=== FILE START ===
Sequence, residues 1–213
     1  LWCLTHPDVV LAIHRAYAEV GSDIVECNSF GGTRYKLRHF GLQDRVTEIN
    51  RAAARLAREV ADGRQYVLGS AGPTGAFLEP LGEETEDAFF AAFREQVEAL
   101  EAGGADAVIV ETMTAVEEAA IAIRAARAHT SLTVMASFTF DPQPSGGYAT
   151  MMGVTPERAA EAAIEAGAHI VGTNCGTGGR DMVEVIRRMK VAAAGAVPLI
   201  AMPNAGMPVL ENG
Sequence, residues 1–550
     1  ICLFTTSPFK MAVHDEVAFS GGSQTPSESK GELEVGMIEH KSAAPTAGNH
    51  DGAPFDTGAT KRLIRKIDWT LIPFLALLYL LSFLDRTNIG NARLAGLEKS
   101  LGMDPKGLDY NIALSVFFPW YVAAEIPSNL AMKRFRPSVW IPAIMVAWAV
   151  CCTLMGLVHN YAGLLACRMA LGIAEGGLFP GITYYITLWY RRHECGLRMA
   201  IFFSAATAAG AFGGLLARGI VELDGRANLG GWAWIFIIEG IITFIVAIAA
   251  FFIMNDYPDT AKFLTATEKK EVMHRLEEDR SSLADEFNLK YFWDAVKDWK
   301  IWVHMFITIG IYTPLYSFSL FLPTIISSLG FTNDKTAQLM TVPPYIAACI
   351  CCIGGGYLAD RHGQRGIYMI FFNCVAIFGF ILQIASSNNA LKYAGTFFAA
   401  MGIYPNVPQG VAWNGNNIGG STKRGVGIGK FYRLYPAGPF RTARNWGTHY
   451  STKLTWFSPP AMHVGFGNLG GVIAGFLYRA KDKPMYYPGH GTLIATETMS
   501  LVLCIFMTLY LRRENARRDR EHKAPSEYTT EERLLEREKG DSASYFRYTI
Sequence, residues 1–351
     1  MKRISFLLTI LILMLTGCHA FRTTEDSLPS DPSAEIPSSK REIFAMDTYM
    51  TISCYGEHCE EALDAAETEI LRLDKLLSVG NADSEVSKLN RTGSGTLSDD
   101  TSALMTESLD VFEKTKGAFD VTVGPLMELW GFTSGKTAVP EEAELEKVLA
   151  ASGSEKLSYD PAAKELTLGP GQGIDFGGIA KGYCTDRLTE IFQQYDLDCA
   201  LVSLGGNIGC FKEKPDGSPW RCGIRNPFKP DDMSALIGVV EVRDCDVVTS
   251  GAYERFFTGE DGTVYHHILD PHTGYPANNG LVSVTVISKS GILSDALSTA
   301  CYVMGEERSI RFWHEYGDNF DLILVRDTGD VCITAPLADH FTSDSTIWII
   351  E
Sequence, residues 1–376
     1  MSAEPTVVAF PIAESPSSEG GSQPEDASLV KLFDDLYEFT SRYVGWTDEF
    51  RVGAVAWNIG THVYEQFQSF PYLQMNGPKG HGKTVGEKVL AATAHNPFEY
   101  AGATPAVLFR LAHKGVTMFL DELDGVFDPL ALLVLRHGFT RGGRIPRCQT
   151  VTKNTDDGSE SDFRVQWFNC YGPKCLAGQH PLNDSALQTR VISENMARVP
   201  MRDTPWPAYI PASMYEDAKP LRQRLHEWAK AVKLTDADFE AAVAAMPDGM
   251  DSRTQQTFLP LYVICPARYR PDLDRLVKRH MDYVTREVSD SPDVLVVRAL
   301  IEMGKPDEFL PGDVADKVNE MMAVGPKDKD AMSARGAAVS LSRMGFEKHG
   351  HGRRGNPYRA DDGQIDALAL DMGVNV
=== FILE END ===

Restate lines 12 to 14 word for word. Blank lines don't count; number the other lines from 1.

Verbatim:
   201  IFFSAATAAG AFGGLLARGI VELDGRANLG GWAWIFIIEG IITFIVAIAA
   251  FFIMNDYPDT AKFLTATEKK EVMHRLEEDR SSLADEFNLK YFWDAVKDWK
   301  IWVHMFITIG IYTPLYSFSL FLPTIISSLG FTNDKTAQLM TVPPYIAACI